Bryan Caplan poses again the puzzle about students, human capital, and signaling. I won't repeat it because he says it so well. One of his commenters, Cameron Mulder, has an interesting piece of evidence against the idea that students rejoice when professors cancel class.
I have another piece of evidence. I taught a 40-hour Microeconomics course in Prague in the fall of 1999, under the auspices of the Rochester Institute of Technology. Students who graduated would get an MBA from RIT. The classes were from 8:00 a.m. to noon every weekday for 2 weeks. The students during those 2 weeks took only my class and spent each afternoon and evening working on problem sets and/or doing the readings for the next day.
At the end of Friday of the first week, I started feeling a bad cold coming on. So I cancelled my plans to see the countryside of the Czech Republic that weekend and holed up in my hotel room trying to get better. By Monday I was better but not great. At the end of the 4-hour class on Monday, I was dragging. I told the students why. On Tuesday morning, a number of the students came to class with various home remedies for my condition, ranging from a Vicks Vapor-like substance, but way stronger, to rub on my chest and under my nose, to one guy's sure-fire alcohol cure. They made it clear that although they liked me and were looking out for me, it was even more important to them that I show up each day so that they didn't get "cheated" out of their education they had paid for.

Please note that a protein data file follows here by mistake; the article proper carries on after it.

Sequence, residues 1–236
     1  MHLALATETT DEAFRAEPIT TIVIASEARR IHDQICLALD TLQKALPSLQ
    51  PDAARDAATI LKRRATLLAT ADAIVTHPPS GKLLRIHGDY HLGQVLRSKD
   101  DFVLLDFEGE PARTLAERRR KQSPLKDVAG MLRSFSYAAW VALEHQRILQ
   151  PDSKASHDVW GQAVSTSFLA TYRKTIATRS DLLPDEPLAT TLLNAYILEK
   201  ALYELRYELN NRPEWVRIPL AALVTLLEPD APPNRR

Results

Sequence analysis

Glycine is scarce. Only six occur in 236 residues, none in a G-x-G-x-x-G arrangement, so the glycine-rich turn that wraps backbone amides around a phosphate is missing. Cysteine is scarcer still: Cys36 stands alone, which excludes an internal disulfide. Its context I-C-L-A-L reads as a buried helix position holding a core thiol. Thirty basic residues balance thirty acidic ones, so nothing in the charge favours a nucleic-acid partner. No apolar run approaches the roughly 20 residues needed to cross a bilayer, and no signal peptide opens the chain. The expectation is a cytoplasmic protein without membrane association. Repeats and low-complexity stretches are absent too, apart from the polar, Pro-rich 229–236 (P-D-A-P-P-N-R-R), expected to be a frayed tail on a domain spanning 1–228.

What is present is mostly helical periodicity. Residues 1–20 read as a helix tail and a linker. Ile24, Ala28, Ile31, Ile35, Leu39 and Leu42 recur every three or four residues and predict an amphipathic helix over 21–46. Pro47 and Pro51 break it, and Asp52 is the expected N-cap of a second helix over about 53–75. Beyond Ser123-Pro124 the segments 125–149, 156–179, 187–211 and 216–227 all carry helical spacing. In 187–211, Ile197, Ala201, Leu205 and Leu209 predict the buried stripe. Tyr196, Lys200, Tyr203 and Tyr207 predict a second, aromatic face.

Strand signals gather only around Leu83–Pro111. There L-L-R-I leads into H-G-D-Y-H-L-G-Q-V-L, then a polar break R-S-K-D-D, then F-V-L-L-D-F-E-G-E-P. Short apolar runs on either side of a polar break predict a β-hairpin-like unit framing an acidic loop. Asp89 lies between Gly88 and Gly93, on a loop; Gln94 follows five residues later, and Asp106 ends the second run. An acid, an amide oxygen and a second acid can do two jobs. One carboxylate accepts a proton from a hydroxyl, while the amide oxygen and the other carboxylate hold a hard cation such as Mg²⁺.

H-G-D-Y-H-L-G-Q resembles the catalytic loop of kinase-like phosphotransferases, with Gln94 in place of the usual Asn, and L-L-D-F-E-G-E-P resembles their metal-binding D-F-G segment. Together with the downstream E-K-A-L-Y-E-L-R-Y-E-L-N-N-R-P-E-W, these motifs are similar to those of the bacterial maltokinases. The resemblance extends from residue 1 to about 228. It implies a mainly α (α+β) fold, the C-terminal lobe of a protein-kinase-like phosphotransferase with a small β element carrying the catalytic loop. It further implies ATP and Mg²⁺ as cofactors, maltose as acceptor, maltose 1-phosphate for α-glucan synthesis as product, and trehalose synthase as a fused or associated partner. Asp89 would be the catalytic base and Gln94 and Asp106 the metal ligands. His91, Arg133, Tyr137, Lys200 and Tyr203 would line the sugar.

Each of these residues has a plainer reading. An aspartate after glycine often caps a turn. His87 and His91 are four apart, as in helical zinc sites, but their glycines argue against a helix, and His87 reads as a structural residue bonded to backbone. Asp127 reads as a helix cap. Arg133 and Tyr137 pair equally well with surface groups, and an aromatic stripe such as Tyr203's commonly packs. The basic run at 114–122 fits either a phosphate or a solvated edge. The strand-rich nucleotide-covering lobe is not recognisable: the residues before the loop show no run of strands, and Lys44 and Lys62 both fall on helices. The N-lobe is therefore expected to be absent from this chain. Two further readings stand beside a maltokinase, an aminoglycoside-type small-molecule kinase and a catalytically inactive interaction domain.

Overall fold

Oh, yes; they had paid for it. As I recall, the tuition was approximately $6,000 to $10,000, depending on what country they came from. It was price discrimination: there were no scholarships. The Czech residents paid towards the top end of the scale and they were overwhelmingly the ones who came with the home remedies. (I don't want to make too much of this because the other ones, coming from other countries, might not have had their pet home remedies available.) That number was a large % of annual salaries in the Czech Republic.
So here's my thought. When people are paying their own way, they want the education they're paying for. I don't know how general this is. Bryan could still be right. But it's one interesting piece of counter-evidence.
Certainly, that fits my own case. I started college at age 16 and my father, knowing my ability to manage money, gave me all the money he had saved for my college. It was enough to pay for about 1.3 years of a 3-year college degree. I financed the rest with some scholarships and some savings and mainly money I earned. If a professor didn't show up, I was upset. There was one exception: my French professor my first year. That course was hell: she spoke only French and Polish and had almost zero knowledge of English. Virtually everything else I took, I liked, and wanted the classes not to be cancelled.